"America is at a crossroads. And Washington remains out of touch." So starts the publicity ad for Young Guns: A New Generation of Conservative Leaders, the new book by Reps. Eric Cantor, Paul Ryan and Kevin McCarthy.
Complete with epic music, videos of town hall meetings, clips of Nancy Pelosi passing the health care bill, and narrated like a booming blockbuster movie preview, the ad cannot be accused of being boring.
Cheesy? That's what former Congressman, and now TV host, Joe Scarborough thinks.
On yesterday's "Morning Joe," Scarborough couldn't contain himself after watching the ad." Oh gosh, get the Velveeta cheese! That's awful." Later he yells at the screen while the video is playing again, "No, Paul [Ryan], no! You don't have to do that! You got it goin' man, don't do that!"
Calls to Ryan's office were directed to the book's publicist, who did not immediately return a request for comment.*
Epic videos are becoming popular throughout the GOP. Just last month, the Republican Governor's Association produced a similar Hollywood-style ad:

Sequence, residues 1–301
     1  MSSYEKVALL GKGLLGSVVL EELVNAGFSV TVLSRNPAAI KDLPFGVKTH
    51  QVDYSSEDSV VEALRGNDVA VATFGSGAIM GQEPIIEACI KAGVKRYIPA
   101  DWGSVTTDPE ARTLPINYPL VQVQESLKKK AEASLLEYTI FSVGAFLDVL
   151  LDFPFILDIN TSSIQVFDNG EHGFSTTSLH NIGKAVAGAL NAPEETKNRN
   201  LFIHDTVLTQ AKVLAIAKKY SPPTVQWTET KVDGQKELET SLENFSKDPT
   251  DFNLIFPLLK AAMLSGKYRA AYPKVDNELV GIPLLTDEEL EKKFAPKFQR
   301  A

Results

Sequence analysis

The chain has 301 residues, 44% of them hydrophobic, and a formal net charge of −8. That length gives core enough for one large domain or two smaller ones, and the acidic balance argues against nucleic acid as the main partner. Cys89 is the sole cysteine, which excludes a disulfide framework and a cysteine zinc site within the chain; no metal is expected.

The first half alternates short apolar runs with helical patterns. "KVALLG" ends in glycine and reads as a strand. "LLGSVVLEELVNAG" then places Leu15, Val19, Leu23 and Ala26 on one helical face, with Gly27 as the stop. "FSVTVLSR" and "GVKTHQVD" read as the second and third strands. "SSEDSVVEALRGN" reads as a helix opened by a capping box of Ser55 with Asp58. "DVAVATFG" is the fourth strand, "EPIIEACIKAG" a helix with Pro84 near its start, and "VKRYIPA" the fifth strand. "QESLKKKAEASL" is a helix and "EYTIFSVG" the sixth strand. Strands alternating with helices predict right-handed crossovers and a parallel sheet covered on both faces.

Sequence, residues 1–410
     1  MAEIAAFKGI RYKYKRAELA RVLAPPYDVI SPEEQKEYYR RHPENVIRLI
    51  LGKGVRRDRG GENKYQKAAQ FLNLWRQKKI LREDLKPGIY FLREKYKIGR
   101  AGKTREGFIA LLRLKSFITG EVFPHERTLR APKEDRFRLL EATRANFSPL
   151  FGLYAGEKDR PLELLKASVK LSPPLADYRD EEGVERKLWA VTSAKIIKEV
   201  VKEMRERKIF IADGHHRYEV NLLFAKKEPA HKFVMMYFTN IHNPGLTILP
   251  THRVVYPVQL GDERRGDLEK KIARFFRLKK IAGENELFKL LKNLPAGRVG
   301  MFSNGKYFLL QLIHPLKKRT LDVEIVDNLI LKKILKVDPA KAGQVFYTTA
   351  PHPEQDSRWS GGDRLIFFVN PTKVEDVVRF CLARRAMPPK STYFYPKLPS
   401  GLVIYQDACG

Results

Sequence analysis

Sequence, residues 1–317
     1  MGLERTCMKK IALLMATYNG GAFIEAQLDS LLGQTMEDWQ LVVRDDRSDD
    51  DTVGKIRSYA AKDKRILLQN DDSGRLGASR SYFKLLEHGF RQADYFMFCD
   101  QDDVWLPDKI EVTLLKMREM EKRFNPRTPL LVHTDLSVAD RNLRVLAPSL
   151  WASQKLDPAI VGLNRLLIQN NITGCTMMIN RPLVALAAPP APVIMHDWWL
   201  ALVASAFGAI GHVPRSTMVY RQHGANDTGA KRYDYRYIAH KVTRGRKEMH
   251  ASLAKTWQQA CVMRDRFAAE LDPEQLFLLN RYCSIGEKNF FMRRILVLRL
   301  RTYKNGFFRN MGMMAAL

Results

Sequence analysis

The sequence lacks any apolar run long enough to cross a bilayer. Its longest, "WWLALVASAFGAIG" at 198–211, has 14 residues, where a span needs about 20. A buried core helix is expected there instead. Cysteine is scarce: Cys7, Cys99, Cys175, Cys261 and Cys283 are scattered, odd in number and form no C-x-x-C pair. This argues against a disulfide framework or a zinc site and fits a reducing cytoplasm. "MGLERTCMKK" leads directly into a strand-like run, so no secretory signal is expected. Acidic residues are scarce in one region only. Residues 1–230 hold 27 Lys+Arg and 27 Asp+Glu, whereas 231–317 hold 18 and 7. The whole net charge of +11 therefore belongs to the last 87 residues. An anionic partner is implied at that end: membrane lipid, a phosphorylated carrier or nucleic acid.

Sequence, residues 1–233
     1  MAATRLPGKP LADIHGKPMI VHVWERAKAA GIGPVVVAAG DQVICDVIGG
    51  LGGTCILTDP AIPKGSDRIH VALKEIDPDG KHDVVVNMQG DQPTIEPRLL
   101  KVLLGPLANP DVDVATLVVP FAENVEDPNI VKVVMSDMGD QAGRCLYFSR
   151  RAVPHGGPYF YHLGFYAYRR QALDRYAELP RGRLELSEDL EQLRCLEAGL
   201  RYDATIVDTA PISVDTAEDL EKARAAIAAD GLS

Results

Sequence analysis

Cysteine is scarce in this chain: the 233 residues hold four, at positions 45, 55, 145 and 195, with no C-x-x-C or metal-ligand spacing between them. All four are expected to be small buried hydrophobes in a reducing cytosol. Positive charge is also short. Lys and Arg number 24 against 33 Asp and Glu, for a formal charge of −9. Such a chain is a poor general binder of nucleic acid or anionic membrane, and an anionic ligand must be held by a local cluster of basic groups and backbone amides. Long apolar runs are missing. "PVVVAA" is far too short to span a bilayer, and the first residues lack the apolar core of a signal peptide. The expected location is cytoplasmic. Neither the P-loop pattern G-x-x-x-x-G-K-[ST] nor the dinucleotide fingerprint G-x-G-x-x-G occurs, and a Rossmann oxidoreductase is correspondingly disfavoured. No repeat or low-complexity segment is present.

Despite the presentation, the message of the authors is clear, says Eric Cunningham:
But in all seriousness, this ad represents a new direction with the Republican Party — both in leadership and attitude. Instead of parading out the regular Old Guard conservatives obsessed with Obama, these three are harnessing the new concerns of the Tea Partiers and couching them in a roll-up-your-sleeves, positive, adventure-style image. Even without naming any specific plans, the ad exudes power and a willingness to address challenges.
Brad Dayspring, publicist for the Young Guns book, laughed off Scarborough's comments. "I'm happy the book was a topic of discussion," he told The Blaze. "People can make jokes about the trailer, but the book is a serious one, offering solutions and long-term vision for Conservatives."
Dayspring also pointed out that the term "young guns" is not something the Congressman came up with themselves. The term was first used by Fred Barnes in a Weekly Standard column in October 2007.